Everyone in the jute sector, however, is not elated at the diversified product market.
Mahmudul Haque, managing director of Janata Jute Mills, said, "The diversified product market is good but that is only one wing of the jute sector. It is not possible to move forward with diversified products alone if the whole jute industry is not developed."
Bangladesh exported ready-made garments worth $34.13 billion against the import of 69 lakh bales of cotton in the 2018-19 fiscal year. The country, however, produced lakh jute bales and earned a mere $816.27 million by exporting raw jute and jute products in that period, according to data from the Bangladesh Jute Research Institute and the Export Promotion Bureau.
Bangladesh got the right to invent high-yielding and good quality jute varieties in 2017 after a team of Bangladeshi scientists led by Dr Maqsudul Alam successfully decoded the genome sequence of jute in 2013.
But ever since, according to the Bangladesh Jute Research Institute, only one high-yielding variety called Rabi-1 has successfully reached the field level and a few more are in the process.
The export earnings of Bangladesh Jute Mills Corporation have declined – from Tk642.81 crore in fiscal year 2001-02 to Tk256.85 crore in 2018-19. The private sector, in the meantime, has witnessed growth though.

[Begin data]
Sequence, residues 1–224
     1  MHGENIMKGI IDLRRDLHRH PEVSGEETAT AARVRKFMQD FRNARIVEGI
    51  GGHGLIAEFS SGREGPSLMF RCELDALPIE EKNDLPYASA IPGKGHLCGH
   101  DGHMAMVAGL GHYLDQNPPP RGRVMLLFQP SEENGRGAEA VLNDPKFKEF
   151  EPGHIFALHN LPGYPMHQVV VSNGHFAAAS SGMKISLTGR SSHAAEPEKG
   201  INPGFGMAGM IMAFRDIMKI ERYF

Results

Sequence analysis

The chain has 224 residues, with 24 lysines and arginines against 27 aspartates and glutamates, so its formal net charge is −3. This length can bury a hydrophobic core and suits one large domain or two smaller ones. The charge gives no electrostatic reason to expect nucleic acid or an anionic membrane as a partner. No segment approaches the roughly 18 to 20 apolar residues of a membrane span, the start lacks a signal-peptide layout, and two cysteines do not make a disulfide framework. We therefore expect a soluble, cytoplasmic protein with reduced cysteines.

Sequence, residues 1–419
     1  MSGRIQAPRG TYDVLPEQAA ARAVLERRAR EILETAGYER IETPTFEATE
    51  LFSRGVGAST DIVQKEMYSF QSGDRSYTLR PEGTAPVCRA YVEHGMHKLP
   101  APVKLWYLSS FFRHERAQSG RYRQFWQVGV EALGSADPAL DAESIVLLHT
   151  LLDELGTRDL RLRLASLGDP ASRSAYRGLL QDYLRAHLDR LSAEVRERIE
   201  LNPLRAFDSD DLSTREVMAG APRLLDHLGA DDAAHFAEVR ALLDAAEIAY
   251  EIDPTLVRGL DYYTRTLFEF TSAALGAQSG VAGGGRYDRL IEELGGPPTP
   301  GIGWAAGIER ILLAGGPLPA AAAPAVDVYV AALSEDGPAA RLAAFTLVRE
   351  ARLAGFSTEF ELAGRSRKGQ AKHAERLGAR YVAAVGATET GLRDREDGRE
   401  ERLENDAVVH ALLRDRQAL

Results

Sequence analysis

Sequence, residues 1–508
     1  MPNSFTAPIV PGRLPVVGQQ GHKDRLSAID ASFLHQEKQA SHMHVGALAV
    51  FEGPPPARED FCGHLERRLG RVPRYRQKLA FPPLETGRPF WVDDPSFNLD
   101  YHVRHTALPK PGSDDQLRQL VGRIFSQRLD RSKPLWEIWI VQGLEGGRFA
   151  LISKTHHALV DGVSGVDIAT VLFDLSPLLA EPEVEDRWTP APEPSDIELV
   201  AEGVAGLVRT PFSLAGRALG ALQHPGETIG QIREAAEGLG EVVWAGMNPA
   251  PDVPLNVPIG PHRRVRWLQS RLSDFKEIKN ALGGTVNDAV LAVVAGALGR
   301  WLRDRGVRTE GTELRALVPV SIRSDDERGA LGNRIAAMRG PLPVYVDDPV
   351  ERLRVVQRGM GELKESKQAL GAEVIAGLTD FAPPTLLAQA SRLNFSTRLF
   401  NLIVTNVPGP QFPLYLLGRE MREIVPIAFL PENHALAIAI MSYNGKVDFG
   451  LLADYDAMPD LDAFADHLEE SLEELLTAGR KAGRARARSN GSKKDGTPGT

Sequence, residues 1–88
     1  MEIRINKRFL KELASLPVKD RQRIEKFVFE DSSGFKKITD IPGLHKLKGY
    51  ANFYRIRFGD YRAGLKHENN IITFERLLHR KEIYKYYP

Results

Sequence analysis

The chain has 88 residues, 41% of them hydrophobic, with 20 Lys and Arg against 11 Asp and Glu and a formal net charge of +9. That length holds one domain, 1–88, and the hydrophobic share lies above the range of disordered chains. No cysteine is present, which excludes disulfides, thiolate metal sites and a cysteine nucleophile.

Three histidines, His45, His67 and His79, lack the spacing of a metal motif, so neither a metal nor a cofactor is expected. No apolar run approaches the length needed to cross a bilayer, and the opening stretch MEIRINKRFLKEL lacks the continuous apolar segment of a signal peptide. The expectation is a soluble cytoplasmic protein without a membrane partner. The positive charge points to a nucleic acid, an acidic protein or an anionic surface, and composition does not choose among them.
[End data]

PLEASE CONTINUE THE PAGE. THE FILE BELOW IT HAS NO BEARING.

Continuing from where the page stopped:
Bangladesh Jute Spinners Association's export earnings have increased by 590 percent in that period.
Private mill owners think this scenario can be changed by inventing more profitable products and replacing the traditional jute goods with those.
"The government needs to conduct a survey on jute products that are in great demand and the prospect of those goods," Bangladesh Jute Spinners Association Secretary General Shahidullah Karim told The Business Standard.
Mohammad Usman Gani Miaji is the director of technology at the jute research institute. He told The Business Standard that despite higher prices of jute products compared to plastic products, "there is a demand for these environment-friendly products in both the local and global markets."
Habibur Rahman, an official of the Ministry of Textiles and Jute, said the government has enforced the use of jute bag wrapping for various products like paddy, rice, wheat and corn.
"Mandatory jute sack wrapping of around a dozen more such products is in the process of implementation," Habibur added.
Entrepreneurs ask for adequate government incentives
While Habibur kept on praising various government projects, including such obligatory use of traditional yarn and sack which has little appeal in the international market, Wasiur said he has some reservations as he mentioned the falling government incentives in this sector.
"With adequate government incentives, we could participate in international fairs abroad," Wasiur said.
"Besides, earlier this year, the government was supposed to distribute around one crore jute bags to school students. But sadly, it backtracked from the plan which dealt a blow to the business," he added.
As people's interest in jute products increases, entrepreneurs in this sector said adequate government incentives and continuous support could help the country's golden fibre go global.